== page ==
Friday, December 26, 2014

The tragedy at Ceuta and Melilla

Every week, hundreds of Africans try to scramble over the high fences that encircle Ceuta and Melilla, two Spanish-ruled enclaves on the northern tip of Morocco. Countless migrants are injured as the Moroccan military, on one side, and a few hundred Spanish police on the other, block Africans seeking to cross into the two tiny territories -- barely 12 square miles (30 square kilometres) of land between them. Nearly 4,700 undocumented migrants have infiltrated Melilla thus far this year, the interior ministry said -- up from 3,000 in 2013. The Spanish government says nearly 20,000 migrants have tried to storm the six-metre (23-foot), triple layer fence at Melilla this year alone.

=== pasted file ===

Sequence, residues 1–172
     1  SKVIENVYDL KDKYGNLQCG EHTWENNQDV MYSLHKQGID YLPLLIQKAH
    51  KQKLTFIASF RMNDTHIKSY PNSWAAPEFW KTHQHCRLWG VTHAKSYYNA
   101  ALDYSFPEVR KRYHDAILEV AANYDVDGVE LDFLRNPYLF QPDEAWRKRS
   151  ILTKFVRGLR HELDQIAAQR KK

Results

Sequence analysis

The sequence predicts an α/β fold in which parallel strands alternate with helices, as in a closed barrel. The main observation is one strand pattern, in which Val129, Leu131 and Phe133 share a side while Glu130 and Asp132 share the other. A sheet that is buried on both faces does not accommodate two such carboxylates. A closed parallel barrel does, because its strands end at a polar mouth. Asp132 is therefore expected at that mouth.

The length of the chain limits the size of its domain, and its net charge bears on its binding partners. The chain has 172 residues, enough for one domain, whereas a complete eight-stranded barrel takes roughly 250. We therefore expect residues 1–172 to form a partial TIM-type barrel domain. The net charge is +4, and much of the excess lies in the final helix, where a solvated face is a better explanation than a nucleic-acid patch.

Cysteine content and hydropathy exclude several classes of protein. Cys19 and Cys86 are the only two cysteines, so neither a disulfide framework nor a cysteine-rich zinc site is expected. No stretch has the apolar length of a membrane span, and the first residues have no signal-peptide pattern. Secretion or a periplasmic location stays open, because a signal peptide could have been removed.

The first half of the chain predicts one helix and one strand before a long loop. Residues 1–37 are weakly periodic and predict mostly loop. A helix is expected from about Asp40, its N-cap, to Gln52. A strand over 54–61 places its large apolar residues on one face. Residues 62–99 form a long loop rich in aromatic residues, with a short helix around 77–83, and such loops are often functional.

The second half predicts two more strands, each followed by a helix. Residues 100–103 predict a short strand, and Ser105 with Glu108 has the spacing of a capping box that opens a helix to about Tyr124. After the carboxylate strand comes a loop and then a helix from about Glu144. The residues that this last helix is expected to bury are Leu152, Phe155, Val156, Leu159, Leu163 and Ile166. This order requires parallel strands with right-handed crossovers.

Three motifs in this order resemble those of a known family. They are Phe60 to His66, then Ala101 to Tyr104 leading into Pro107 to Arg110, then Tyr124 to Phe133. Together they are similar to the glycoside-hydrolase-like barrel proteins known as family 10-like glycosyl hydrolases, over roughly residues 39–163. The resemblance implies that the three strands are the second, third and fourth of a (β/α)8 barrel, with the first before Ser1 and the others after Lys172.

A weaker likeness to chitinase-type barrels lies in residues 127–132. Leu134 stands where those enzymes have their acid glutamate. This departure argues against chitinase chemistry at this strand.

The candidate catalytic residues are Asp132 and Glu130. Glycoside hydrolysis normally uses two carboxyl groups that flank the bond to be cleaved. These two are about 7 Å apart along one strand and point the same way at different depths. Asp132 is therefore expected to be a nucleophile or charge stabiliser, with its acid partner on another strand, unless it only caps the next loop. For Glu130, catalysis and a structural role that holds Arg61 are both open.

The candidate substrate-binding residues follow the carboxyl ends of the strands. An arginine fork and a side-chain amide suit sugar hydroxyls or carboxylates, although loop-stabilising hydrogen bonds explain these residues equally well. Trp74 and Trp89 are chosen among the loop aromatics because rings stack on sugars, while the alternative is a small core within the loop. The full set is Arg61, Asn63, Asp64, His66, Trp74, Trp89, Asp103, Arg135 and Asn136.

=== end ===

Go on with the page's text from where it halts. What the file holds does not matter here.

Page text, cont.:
Ceuta sits in a strategic spot 15 miles from Gibraltar across the mouth of the Mediterranean, with Melilla 140 miles to the east. To guard their fences, 600 Civil Guards are stationed in each of the territories. "You have to be strong and very fit. You have to be a lion!" said AbouDiarrisso, a lean 22-year-old from Ivory Coast who clambered over into Melilla. "There were 200 of us to start with. I was the only one to get over the fences." Some migrants sit atop the fence for hours before falling off exhausted, getting dragged down by Spanish guards or knocked off by blows from their batons. A video filmed by rights group Prodein in October showed Spanish guards beating a migrant on the fence and carrying him apparently unconscious back to the Moroccan side. The Spanish government has since announced a reform that would formally authorise border guards to drive migrants off who try to climb the fence. Commissioner Nils Muiznieks of the Council of Europe, the continent's top human rights authority, branded that plan "unjust and illegal under international law".

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